During college Dymir Arthur juggled more roles than most people do over their entire lives. He was a student government leader, social activist, mentor, lobbyist, public speaker, writer, and poet. He was also a full-time student who earned a bachelor’s degree in history and political science, with a minor in Africana studies. Because of his extraordinary contribution to undergraduate life, he was inducted into Cap and Skull – the senior honor society – at the end of his junior year.
Arthur, 22, plans to attend law school. He attended the Institute for Pre-Legal Studies at Seton Hall University School of Law last summer and dreams of fighting social injustice as a civil rights lawyer. He also aims to write at least two books, travel across the country to learn about the problems of young people in urban areas, and run for public office.
But first he’ll spend two years with Teach For America, working as a special education teacher in the Philadelphia public schools, while earning a master’s degree in education. He spent the past year working as campus recruiter for the organization.
“If I’m going to do something other than what I want my primary career to be, the best time to do so would be now,” he said. “My mentors in the law say taking time off before law school is not a bad idea.”
The teaching gig may not be much of a detour. Teach For America, dedicated to equality in education, benefits children in low-income communities. As president of the Educational Opportunity Program Student Council, Arthur advocated on behalf of struggling students. He himself enrolled at Rutgers because it offered him a better financial aid package than other colleges.
Arthur grew up in South Jersey, the younger of two children. His father was an African American and his mother a native of Bermuda. From his father, a business owner, Arthur inherited a love of community and respect for individuals of all backgrounds. Frederick Arthur, who died in 2006, also enthralled his son with stories about great men determined to change their world, including Malcolm X, Muhammad Ali, and Martin Luther King Jr.
“I never forgot those lessons. I carried them inside me,” Dymir Arthur said.
As a boy, he began writing poems at age 10. He became a social activist as an eighth grader at the Charles W. Lewis Middle School, a predominantly white school in Blackwood. It was February 2000, the traditional time of year for Black History Month.
“We didn’t have any celebrations. I felt we had to change that,” Arthur said. “My friends and I got together to start a new tradition, where the school would celebrate black history through history lessons and poetry. We were able to put together a great event, which is still running today. It was the first time I had a chance to work on a problem in my community.”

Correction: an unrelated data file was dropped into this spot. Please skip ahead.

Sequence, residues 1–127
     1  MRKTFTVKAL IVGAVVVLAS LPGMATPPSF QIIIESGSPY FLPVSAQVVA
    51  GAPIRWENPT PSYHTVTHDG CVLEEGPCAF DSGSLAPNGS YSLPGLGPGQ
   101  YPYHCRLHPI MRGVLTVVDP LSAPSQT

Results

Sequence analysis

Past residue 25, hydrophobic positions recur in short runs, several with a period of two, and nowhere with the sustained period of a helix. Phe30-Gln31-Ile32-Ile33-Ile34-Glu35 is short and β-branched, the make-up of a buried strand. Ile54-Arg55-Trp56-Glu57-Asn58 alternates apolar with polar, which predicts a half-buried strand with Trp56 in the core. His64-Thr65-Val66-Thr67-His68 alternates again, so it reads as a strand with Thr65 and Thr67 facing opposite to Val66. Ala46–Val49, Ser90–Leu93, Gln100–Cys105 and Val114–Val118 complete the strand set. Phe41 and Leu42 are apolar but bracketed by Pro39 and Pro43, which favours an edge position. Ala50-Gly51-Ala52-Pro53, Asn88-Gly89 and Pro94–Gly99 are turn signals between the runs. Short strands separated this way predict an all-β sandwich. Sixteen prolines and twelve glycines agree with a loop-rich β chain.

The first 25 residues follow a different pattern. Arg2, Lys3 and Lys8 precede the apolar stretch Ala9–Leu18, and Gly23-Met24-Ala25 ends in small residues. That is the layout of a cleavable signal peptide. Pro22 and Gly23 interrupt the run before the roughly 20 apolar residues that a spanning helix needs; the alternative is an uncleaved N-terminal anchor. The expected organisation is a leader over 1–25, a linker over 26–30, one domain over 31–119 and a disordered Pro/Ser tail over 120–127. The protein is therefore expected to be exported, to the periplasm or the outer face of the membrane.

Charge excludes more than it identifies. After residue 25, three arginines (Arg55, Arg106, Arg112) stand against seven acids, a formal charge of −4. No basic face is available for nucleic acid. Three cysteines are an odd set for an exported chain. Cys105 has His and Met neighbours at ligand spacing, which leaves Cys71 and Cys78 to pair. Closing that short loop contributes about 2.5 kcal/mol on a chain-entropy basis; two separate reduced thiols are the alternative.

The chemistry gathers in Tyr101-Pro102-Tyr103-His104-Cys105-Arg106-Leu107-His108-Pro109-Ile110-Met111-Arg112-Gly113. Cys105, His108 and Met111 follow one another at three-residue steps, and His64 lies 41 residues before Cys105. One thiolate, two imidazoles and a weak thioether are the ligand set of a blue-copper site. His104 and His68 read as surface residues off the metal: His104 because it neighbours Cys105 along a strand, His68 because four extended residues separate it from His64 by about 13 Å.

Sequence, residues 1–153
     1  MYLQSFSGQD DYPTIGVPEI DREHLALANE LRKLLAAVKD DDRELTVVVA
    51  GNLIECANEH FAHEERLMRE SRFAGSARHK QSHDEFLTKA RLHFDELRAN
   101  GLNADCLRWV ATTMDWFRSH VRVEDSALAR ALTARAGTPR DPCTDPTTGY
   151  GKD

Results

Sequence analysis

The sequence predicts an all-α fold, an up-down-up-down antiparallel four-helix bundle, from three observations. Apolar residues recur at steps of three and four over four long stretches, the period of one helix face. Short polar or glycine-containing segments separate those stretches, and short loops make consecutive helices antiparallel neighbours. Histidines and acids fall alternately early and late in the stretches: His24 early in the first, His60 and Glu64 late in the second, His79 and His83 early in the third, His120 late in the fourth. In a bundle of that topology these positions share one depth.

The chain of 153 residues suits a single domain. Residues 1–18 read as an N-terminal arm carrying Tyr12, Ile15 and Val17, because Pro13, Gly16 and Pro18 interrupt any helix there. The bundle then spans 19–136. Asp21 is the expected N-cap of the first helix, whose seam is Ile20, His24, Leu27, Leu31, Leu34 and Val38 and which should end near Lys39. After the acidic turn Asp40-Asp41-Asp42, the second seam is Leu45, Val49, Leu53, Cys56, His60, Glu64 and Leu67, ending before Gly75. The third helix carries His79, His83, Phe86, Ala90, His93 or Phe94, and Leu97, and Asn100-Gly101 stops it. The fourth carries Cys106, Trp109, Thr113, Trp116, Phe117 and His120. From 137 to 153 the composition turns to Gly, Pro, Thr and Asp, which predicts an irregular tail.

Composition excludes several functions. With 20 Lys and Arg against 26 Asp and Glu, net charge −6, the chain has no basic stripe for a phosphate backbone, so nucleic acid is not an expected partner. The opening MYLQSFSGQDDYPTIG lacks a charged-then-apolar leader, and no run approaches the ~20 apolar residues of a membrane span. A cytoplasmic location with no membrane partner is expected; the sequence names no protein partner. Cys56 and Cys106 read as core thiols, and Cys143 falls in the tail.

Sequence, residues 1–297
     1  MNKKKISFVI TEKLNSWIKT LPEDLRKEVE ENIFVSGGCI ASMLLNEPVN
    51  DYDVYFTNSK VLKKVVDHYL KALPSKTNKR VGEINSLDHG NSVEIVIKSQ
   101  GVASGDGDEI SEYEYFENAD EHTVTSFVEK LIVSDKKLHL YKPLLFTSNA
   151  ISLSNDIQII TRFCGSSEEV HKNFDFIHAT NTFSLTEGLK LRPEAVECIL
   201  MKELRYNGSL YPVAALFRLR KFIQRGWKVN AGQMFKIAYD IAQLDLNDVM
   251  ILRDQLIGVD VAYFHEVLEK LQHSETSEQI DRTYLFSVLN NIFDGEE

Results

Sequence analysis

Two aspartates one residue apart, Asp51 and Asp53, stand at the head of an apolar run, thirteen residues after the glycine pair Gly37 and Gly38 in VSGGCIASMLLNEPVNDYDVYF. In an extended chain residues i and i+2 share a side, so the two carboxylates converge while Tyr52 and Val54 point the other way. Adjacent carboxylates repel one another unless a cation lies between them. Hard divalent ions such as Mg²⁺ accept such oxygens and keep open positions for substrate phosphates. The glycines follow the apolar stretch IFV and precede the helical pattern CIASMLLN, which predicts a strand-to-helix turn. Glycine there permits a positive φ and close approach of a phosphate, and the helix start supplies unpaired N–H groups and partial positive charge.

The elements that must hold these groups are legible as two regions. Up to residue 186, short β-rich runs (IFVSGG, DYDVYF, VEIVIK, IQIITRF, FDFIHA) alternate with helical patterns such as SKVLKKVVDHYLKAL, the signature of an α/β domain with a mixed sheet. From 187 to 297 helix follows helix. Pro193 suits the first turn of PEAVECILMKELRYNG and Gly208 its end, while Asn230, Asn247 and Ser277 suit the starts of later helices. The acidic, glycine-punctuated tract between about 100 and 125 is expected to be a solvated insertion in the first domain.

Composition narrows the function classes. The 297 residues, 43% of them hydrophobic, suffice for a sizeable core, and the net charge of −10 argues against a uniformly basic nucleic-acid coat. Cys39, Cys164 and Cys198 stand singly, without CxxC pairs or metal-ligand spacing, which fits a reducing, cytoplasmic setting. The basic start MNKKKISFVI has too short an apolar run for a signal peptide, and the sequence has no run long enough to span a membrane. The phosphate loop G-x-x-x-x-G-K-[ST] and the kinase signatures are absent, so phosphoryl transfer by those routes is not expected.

In high school he continued looking for ways to lead, while pursuing his interests. He didn’t mind standing out.
“I was the only black guy on my cross country team, with 23 guys. I was also the only black male out of 20 people in a program that teaches teenagers about the importance of safer sex,” he said. “I hung out with everyone. I didn’t care who you were, or what you were interested in, as long as you were a good person.”
After coming to Rutgers, Arthur became a diversity intern at Career Services and an education policy intern for the New Jersey Commission on Higher Education. He mentored high school students from urban areas, taught leadership courses, and served on a cabinet advising faculty and administration. Each spring, for three years, he traveled to Washington to lobby Congress for increased student aid.
In the classroom, meanwhile, Arthur discovered a taste for history.
“History shows us that a desire for power has encouraged many leaders and scholars alike to use the power of language to convince others of falsehoods which have sparked wars, racism, chattel slavery, sexism, xenophobia, religious conflicts, homophobia, and the like,” he wrote in a recent post on his blog.
Social injustices remain rife in contemporary American life, Arthur said.
“Some people would argue that the election of an African-African president is evidence racism doesn’t exist, but it does. We’re not in a post-racial society. I’ve experienced racism myself,” he said. “Often, when I speak to very powerful people, inside or outside the university, there seems to be shock that I ‘speak so well’ or am ‘so articulate.’ People don’t expect that from an African American who grew up in Camden.”
By Mary Jo Patterson